We’ve all had them – noisy neighbours whose dogs bark incessantly, whose late-night parties leave everyone sleep-deprived, whose businesses make working from home and relaxing in the garden an impossibility.
We’ll have a look at two aspects of this problem, starting with the option of taking your neighbours to court if a friendly approach to them bears no fruit. What must you prove to get a court order? Two very different cases, one involving a suburban puppy daycare business and the other a city centre gym, illustrate.
Secondly, we share some thoughts for property buyers on preventing problems upfront by doing your “noise risk” homework before you buy.
Consider this unhappy scenario – you buy your dream home (or perhaps new business premises), only to find that you are afflicted with the noisiest and most unreasonable neighbours you have ever encountered. A friendly approach to them produces no result. Can you get a court order to stop the noise?
Let’s address that question with reference to two recent court cases, but first –
What must you prove?
To get a “final interdict” (in this instance a court order compelling the offenders to put an end to the noise) you have to prove three things –
- “A clear right”,
- “An injury actually committed or reasonably apprehended”, and
- “The absence of similar protection by any other ordinary remedy” (in other words, you must show that you have no adequate alternative remedy available to you – an important aspect, as we shall see below).
In the suburbs: The pastor v the puppy daycare home business
“…the courts apply a reasonableness standard, which entails a balancing of the mutual and reciprocal rights and obligations of neighbours” (extract from the judgment below)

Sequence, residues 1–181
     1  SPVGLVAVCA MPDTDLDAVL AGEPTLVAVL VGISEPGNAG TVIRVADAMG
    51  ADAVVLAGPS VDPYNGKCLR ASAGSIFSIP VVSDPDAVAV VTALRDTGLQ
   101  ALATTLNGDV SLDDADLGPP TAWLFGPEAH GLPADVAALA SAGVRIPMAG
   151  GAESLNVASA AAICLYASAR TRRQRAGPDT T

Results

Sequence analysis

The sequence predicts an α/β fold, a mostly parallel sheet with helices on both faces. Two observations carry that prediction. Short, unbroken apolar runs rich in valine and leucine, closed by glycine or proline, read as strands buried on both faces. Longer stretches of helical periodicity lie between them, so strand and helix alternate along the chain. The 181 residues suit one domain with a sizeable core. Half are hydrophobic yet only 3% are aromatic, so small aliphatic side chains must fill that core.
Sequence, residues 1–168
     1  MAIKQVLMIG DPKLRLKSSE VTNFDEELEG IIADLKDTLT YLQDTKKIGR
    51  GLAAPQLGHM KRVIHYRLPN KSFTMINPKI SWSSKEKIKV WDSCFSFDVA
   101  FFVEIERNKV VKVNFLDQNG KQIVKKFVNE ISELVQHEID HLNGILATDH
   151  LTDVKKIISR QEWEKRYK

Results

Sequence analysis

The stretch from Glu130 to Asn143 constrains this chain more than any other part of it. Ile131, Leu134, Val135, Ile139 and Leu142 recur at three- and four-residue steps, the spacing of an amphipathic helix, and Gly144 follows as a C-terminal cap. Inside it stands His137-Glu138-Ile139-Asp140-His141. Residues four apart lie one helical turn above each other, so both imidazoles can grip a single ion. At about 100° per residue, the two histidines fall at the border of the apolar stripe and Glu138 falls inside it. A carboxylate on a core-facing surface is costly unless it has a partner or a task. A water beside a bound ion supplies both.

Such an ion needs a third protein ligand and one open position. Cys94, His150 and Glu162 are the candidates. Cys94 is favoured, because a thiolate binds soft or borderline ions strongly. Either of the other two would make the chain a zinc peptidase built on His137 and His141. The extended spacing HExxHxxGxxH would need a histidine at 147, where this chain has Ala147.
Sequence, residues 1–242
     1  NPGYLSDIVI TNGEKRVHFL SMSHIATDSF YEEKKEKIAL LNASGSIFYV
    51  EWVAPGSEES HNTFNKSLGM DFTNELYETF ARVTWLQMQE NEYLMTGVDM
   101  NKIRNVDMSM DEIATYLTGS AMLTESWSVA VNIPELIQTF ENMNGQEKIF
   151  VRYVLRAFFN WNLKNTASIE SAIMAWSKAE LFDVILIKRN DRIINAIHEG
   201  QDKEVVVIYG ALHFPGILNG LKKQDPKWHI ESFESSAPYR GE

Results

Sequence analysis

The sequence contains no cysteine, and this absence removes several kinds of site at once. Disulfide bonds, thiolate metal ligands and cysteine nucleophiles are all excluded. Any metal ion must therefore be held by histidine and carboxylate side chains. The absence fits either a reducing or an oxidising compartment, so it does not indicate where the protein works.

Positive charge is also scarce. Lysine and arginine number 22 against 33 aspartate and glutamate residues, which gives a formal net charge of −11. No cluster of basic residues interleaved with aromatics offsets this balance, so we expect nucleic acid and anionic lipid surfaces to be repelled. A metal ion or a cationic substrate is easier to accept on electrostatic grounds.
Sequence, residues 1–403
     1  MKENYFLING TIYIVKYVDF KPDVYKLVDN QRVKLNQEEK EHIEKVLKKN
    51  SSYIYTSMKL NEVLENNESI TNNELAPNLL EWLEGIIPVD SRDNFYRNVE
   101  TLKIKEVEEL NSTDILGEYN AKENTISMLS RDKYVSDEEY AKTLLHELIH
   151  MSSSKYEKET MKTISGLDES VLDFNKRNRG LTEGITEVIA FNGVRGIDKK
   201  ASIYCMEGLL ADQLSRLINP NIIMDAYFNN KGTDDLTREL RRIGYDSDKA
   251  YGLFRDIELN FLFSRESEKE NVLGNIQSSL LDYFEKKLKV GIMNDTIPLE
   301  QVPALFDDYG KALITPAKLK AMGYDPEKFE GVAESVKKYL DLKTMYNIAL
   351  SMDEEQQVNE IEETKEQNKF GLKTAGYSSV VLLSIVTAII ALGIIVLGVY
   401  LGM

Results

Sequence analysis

The scene in this first case is a suburban residential area in Cape Town’s Northern Suburbs.
A pastor, needing “a peaceful environment to write, research, study and counsel his congregants”, applied to the High Court for an interdict against his neighbours. The problem was their home business in the form of a puppy daycare centre, operating in their garden and offering supervision, structured playtime, potty training, basic training, socialisation and so on for up to 17 dogs at a time.
The complaint centered on barking on the property, triggering “a cacophony of barking from all the dogs in the neighbourhood” – starting at 6.30 am (Monday to Saturday) until 6 pm. This, said the pastor, was “disturbing and disruptive to the peaceful enjoyment of his property and to his daily activities”, plus it had seriously affected the value of his property.
Before buying the property he had viewed it over a weekend when there was no noise, and, because it was important to him, had specifically asked the previous owner about whether there was a barking problem in the neighbourhood.
After fruitless discussions with the neighbours, he reported them to the municipal authorities (the City of Cape Town), lodging complaints for almost 4 years, resulting only in the issue of a compliance notice which the City failed to enforce, and a failed attempt at prosecution.
In the High Court the complainant’s attack relied not only on common law “nuisance law” but also on alleged contraventions of the Western Cape Noise Control Regulations (all local authorities have power to make such regulations in terms of National Regulations), the City’s Development Management Scheme (with its restrictions on home business activities) and Animal By-Laws.